|  Using function-based patent analysis to identify potential application areas of technology for technology transfer
Using function-based patent analysis to identify potential application
areas of technology for technology transfer a b s t r a c t Under the open innovation paradigm, identification of application areas of the internally developed technologies is important to maximize the profits from them. However, many companies have failed to identify opportunity for additional applications. The fundamental reason is that companies have insufficient understanding of the potential applications of their technologies, because different industries use far different technologies and technological terminologies. However, technologies can be linked with outside industries by analyzing them from the functional perspective, because functions used in different industries are generally similar. Therefore, this article proposes a function-based patent analysis to identify the potential application areas of a technology. In general, technologies in a patent are invented for use in a specific industry, and thus a patent can be categorized into a specific industry. By identifying patents which contain a specific function, industries that use the function can be identified. Industries in which the importance of the function is relatively high can be considered as areas in which technologies performing the function have potential to be applied, and the proposed indexes evaluate the relative importance of the function within each industry. Finally, the practical usefulness of the proposed method was verified by identifying the potential areas in which vortex reduction technology can be applied.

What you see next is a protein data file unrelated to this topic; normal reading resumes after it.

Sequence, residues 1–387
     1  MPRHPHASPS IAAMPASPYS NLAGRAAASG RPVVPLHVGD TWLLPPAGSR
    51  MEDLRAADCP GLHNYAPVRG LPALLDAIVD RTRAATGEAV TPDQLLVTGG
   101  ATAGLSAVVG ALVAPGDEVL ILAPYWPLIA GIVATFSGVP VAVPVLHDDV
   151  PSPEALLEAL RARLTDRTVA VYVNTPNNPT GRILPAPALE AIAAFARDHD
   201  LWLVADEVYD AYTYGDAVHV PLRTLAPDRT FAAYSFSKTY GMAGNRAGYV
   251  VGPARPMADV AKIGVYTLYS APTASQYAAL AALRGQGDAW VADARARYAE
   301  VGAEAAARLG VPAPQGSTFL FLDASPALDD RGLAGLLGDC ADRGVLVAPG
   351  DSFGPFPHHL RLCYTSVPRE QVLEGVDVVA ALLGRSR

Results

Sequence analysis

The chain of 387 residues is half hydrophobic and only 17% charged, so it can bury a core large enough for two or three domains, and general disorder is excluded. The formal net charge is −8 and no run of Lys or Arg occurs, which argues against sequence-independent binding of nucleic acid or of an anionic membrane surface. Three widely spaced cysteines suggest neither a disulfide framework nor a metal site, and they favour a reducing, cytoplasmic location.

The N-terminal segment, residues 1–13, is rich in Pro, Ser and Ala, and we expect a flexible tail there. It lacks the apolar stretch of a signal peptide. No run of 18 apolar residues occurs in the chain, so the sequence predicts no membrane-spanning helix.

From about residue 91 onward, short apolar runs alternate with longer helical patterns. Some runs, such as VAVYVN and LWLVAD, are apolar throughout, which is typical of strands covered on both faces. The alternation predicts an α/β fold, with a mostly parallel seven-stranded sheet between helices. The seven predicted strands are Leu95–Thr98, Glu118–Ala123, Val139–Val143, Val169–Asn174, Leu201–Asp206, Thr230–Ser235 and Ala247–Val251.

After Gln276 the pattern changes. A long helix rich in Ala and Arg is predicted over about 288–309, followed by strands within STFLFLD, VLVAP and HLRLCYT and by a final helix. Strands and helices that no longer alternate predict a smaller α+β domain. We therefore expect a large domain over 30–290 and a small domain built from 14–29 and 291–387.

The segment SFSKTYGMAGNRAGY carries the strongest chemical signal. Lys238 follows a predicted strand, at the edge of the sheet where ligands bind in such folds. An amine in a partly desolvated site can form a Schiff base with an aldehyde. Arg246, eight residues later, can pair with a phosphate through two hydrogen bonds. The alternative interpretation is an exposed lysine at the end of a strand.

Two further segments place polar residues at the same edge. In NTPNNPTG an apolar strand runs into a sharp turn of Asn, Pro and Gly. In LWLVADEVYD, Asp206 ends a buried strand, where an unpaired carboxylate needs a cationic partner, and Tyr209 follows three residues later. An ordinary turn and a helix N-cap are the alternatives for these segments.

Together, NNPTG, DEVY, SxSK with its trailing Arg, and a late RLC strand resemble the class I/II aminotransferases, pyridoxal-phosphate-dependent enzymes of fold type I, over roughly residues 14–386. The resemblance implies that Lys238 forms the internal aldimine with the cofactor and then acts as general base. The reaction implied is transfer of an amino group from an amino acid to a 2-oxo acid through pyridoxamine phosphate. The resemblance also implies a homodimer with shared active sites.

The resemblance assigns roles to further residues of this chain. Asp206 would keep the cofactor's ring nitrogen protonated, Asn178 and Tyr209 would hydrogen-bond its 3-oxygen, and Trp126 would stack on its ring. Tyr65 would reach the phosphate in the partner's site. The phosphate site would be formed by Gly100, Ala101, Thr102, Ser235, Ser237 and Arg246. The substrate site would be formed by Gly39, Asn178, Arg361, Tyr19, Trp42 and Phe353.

|  Using Analytic Hierarchy Process (AHP) to Select and Rank a Strategy Based Technology
Using Analytic Hierarchy Process (AHP) to Select and Rank a Strategy Based Technology ABSTRACT Increasing development of used tools and equipment in industries has resulted in their various and new applications in industries. In today's competitive world a collection of these tools are known as technology. Each organization has its own missions and goals and to this end experts and élites of organizations design their specific plans. Based on these plans and strategies (business strategies in particular), organizations are willing to choose the best and relevant technology. So choosing a technology without considering the strategy is something in vain. With due consideration to different criteria, in order to make the best choice, multi criteria decision making (MCDM) techniques can be used. In this paper, we have tried to present a favorable model for technology selection by using a suitable modeling. To determine the priority of technologies and choose the most auspicious technology, analytic hierarchy process (AHP) has been used.